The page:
A new Swedish study suggests that a person with bipolar disorder is not at increased risk of aggression. However, substance abuse associated with bipolar does increase the chance of violent crime.
The public debate on violent crime usually assumes that violence in the mentally ill is a direct result of the perpetrator’s illness.
However, it has been unclear if the violence is due to the bipolar disorder per se, or caused by other aspects of the individual’s personality or lifestyle.
The new study, carried out by researchers at Karolinska Institutet and Oxford University, is presented in the scientific journal Archives of General Psychiatry.
Researchers compared the rate of violent crime in over 3,700 patients with bipolar disorder cared for in Swedish hospitals between 1973 and 2004 with that of 37,000 control individuals from the general public.
Twenty-one percent of patients with bipolar disorder and a concurrent diagnosis of severe substance abuse (alcohol or illegal drugs) were convicted of violent crimes, compared to five percent of those with bipolar disorder but without substance abuse, and three percent among general public control individuals.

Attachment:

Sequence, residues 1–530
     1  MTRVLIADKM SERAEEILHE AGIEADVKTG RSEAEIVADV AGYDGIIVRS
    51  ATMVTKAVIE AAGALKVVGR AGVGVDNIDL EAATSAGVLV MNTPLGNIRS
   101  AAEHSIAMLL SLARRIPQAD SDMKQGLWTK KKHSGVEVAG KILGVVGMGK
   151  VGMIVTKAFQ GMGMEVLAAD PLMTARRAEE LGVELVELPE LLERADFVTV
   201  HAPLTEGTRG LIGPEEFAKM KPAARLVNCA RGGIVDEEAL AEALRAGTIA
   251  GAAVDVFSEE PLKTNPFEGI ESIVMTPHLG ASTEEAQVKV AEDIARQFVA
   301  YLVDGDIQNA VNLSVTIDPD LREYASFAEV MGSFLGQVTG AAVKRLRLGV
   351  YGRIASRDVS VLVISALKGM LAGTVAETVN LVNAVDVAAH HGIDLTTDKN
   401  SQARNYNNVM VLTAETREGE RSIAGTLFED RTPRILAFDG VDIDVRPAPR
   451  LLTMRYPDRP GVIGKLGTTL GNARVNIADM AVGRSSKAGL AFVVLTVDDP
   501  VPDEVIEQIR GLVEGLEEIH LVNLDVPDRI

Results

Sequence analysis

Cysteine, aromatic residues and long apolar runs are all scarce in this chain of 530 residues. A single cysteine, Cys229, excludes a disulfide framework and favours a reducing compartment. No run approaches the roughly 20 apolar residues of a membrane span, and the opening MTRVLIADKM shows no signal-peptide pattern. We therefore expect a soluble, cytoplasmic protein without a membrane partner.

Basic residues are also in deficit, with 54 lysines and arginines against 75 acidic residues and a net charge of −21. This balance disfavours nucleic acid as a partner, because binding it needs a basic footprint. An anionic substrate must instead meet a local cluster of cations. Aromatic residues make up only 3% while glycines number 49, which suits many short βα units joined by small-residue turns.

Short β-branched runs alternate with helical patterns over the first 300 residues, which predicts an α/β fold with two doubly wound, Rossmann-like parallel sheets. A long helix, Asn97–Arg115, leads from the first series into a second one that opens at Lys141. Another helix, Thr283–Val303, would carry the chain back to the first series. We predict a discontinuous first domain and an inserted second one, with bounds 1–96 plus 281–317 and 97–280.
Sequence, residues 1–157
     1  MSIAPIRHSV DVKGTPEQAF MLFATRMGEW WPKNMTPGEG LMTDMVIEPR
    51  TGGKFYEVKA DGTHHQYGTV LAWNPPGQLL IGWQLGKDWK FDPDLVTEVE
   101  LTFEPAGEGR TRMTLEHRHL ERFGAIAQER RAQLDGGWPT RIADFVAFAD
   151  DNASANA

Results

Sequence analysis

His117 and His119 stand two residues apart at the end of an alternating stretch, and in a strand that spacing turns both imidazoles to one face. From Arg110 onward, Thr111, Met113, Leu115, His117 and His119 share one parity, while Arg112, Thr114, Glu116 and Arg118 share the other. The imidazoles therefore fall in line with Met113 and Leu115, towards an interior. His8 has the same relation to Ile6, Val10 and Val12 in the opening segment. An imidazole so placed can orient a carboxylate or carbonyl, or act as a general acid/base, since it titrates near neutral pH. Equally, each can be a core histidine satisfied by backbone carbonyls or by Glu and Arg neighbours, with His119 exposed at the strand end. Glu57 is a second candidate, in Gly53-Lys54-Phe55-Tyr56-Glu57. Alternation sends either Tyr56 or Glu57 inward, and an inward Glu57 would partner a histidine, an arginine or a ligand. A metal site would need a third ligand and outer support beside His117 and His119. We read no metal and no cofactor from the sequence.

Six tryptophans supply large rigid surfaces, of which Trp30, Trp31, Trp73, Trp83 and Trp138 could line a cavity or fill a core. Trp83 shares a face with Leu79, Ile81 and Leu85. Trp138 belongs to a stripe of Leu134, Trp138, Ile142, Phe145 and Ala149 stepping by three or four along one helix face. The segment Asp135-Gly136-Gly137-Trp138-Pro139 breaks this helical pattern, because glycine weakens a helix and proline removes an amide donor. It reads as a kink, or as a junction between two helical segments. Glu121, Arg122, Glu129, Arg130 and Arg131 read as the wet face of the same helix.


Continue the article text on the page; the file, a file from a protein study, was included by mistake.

The differences remained when accounting for age, gender, immigrant background, socioeconomic status, and whether the most recent presentation of the bipolar disorder was manic or depressed.
“Interestingly, this concurs with our group’s previous findings in schizophrenia, another serious psychiatric disorder, which found that individuals with schizophrenia are not more violent than members of the general public, provided there is no substance abuse,” says professor Niklas Långström, head of the Centre for Violence Prevention at Karolinska Institutet.
According to the researchers, the findings support the need for initiatives to prevent, identify and treat substance abuse when fighting violent crime. Additionally, Långström hopes that the results will help challenge overly simplistic explanations of the causes of violent crime.
“Unwarranted fear and stigmatization of mental illness increases the alienation of people with psychiatric disorder and makes them less inclined to seek the care they need,” Långström comments.
Source: Karolinska Institutet